The energy of a vehicle that must be dissipated in a crash is proportional to the square of the speed of the vehicle at impact. This means that small differences in impact speed are associated with large differences in crash energy, and correspondingly large differences in injury potential.

In a situation where no speed reduction action is taken (29 per cent of cases in this study) the impact speed is the same as the travelling speed so the energy of the impact is the square of the travelling speed and we would expect the risk of an injury crash to increase rapidly with travelling speed.

Travelling Speed and Loss of Control

A number of cars involved in crashes in this study were travelling at very high speeds (greater than 90 km/h) when the driver lost control of the vehicle. This coupled with the total absence of any of the cars not involved in crashes travelling at these speeds, indicates that very high speeds are associated with extremely high risks of losing control of the vehicle and subsequent crashes and injuries.

Travelling Speed and Driver Expectancies

It is likely that a driver of a vehicle that is travelling unusually fast may create dangerous situations. This can happen when another driver assumes that the approaching speeding car is travelling at about the same speed as other traffic on that road.

Some evidence that such a phenomenon exists was provided by the in-depth study of a representative sample of accidents conducted in Adelaide 20 years ago (McLean, Offler and Sandow, 1979). In 35 collisions at Stop sign controlled intersections it was concluded that only two resulted from a driver failing to observe the Stop sign. In the remaining cases a driver stopped at the sign and then moved off into the path of an approaching car on the through road. The drivers involved in all of the crashes in that study were routinely asked about any prior convictions for speeding in the previous five years. The results are shown in Table 5.1, where it can be seen that the drivers on the through roads were four times more likely to have reported a prior conviction for speeding than the drivers who were, in almost every case, moving off from a Stop sign.

Table 5.1

Self-Reported Speeding Convictions
(crashes at Stop sign controlled intersections)

Driver on:

Prior Conviction for Speeding


One or More


Through road




Other road








Chi square (2 d.f.) = 14.0, p< 0.001
(McLean, Offler and Sandow, 1979)

A Combination of Factors Relate Travelling Speed to Crash Risk

The factors discussed here often have a cumulative, and probably a synergistic effect on the risk of involvement in a casualty crash. For example, a speeding vehicle is likely to have its speed misjudged by another driver, thereby creating a crash situation, in which the speeding vehicle will travel further during the reaction time of its driver, will lose less speed under emergency braking, and will crash at a comparatively greater speed with much greater crash energy.

It is worth noting that these factors are based mainly on physical and physiological principles that are not influenced by the skill, or lack thereof, of the driver of the speeding vehicle. This has two important implications. The first is that no driver can control the failure of other drivers to realize that a vehicle is approaching at a faster speed than experience has taught them to expect. The second is that if an "advanced" driver training course encourages a driver to believe that he or she has become more capable of controlling a car at speed (despite the fact that Newton's Laws of Motion are not affected by such tuition) it may in fact increase the likelihood that the course graduate will choose to travel faster than would otherwise be the case and thereby unwittingly create emergency situations of the type referred to here.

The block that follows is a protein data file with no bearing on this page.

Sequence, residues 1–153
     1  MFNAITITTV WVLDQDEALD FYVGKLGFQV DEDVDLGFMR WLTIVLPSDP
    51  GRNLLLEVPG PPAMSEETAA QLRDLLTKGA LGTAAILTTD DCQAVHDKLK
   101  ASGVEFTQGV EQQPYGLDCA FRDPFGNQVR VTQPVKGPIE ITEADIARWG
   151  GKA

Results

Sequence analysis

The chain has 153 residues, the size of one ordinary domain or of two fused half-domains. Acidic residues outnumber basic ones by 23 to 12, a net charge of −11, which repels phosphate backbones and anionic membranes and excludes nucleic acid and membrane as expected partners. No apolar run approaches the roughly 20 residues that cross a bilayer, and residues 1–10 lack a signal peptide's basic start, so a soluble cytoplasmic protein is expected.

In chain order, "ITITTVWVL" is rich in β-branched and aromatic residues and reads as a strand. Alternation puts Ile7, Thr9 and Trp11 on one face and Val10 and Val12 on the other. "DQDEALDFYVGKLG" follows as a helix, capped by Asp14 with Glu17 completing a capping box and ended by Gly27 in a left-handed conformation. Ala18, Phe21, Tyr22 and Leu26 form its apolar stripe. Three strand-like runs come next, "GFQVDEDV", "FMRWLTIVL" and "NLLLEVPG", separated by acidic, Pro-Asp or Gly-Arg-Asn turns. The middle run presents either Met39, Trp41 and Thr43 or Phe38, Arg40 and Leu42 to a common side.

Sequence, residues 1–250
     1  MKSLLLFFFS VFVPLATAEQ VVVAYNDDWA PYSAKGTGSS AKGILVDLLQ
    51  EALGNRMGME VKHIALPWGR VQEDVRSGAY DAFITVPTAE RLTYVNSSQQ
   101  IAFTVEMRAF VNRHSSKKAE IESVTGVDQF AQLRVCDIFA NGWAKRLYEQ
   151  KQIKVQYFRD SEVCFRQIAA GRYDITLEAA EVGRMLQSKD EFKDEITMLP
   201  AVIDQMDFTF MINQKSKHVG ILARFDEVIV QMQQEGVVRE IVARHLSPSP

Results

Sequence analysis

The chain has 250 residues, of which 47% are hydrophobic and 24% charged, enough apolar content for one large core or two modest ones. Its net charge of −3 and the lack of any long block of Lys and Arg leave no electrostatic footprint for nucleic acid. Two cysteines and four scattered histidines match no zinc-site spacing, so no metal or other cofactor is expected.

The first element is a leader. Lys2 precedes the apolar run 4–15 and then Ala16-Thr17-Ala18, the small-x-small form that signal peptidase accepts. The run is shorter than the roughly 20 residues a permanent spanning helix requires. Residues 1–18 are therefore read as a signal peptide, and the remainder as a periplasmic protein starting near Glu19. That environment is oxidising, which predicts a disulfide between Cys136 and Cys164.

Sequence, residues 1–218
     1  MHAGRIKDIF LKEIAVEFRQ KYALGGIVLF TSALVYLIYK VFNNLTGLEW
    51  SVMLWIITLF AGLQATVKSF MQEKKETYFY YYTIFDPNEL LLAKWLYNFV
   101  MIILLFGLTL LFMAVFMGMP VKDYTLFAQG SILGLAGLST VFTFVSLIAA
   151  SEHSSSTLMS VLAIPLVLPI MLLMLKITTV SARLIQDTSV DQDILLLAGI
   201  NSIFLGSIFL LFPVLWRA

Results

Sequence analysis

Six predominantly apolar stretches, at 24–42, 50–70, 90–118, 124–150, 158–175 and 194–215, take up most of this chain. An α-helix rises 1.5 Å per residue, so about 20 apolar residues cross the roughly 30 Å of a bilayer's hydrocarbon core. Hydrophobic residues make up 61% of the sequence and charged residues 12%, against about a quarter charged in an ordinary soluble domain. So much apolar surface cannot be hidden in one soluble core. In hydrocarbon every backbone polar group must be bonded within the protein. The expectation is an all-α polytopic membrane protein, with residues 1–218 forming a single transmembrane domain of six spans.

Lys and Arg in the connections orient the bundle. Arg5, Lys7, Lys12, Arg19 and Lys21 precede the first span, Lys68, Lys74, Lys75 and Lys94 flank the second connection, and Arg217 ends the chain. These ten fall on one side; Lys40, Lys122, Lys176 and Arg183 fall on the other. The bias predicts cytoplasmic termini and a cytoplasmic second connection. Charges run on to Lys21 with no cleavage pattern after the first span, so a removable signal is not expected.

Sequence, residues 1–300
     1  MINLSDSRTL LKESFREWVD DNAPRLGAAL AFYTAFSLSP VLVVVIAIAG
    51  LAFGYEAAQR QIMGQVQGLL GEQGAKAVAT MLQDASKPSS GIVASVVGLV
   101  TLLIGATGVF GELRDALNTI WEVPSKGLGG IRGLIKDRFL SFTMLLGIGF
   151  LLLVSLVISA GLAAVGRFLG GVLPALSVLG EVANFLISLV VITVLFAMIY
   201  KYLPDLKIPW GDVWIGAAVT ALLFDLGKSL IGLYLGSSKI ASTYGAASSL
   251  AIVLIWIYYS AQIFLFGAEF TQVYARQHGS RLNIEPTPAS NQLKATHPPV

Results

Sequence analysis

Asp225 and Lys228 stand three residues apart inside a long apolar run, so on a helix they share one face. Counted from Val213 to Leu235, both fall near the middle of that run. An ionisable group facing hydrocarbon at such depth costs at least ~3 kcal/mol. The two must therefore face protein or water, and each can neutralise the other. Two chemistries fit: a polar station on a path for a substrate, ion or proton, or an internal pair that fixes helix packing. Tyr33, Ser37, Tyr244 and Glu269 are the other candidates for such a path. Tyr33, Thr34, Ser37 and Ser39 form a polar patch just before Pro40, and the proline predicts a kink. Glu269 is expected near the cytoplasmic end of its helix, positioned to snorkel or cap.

Facts about the wrong speed / speeding

5.1.4 Implications for Enforcement

Our results show that the risk of involvement in a casualty crash is twice as great at 65 km/h as it is at 60 km/h, and four times as great at 70 km/h. Increases in risk of such magnitude would appear to be sufficient to justify the elimination of the current practice of applying an enforcement tolerance to speed limits, or at least a substantial reduction in such a tolerance.

Although the risk increases rapidly with increasing speed, the contribution of speeding to crash causation is much greater at speeds below, say, 75 km/h than it might appear from the risk curve in Figure 4.3. In this study, more than two thirds of the crashes involving speeding cars occurred at a speed that was below 75 km/h, because more drivers are travelling in the speed range from 61 to 74 km/h than above the latter speed.

5.2 Hypothetical Travelling Speed and Crash Severity

A large proportion of the injuries sustained in crashes in this study would have been avoided had the case vehicles been travelling at a slower speed. The change in velocity in the crash (delta V) and the severity of the injuries that would still have occurred would have been markedly reduced. Even modest reductions in travelling speeds can have a profound beneficial effect on crash and injury frequency.

Despite the considerable magnitude of the predicted benefits, shown in Table 4.7, it is probable that they are still considerable underestimates. This is because we have only considered the effect of reduced travelling speed on the elimination of crashes in the collision configuration that we actually observed. Many of the hypothetical crashes would not have happened because the driver would not have lost control at a lower speed, the other vehicle may not have misjudged the case vehicle's speed and created a crash situation, and the lowered impact speeds of the crashes that did still happen would have produced fewer and less severe injuries.

This is borne out by the alternative method of estimating the effect of the elimination of speeding among the sample of crashes by working back from the risk estimates (Section 4.2.4). Using this method it was found that 46 per cent of the free travelling speed crashes examined here would not have resulted in a casualty if none of the vehicles had been speeding.

Johan Joubert: 

Accident Reconstructionist for the RAF

Manager:  Accident Analysis Division

TMT Services and Supplies PTY Ltd

Cell: 0826509620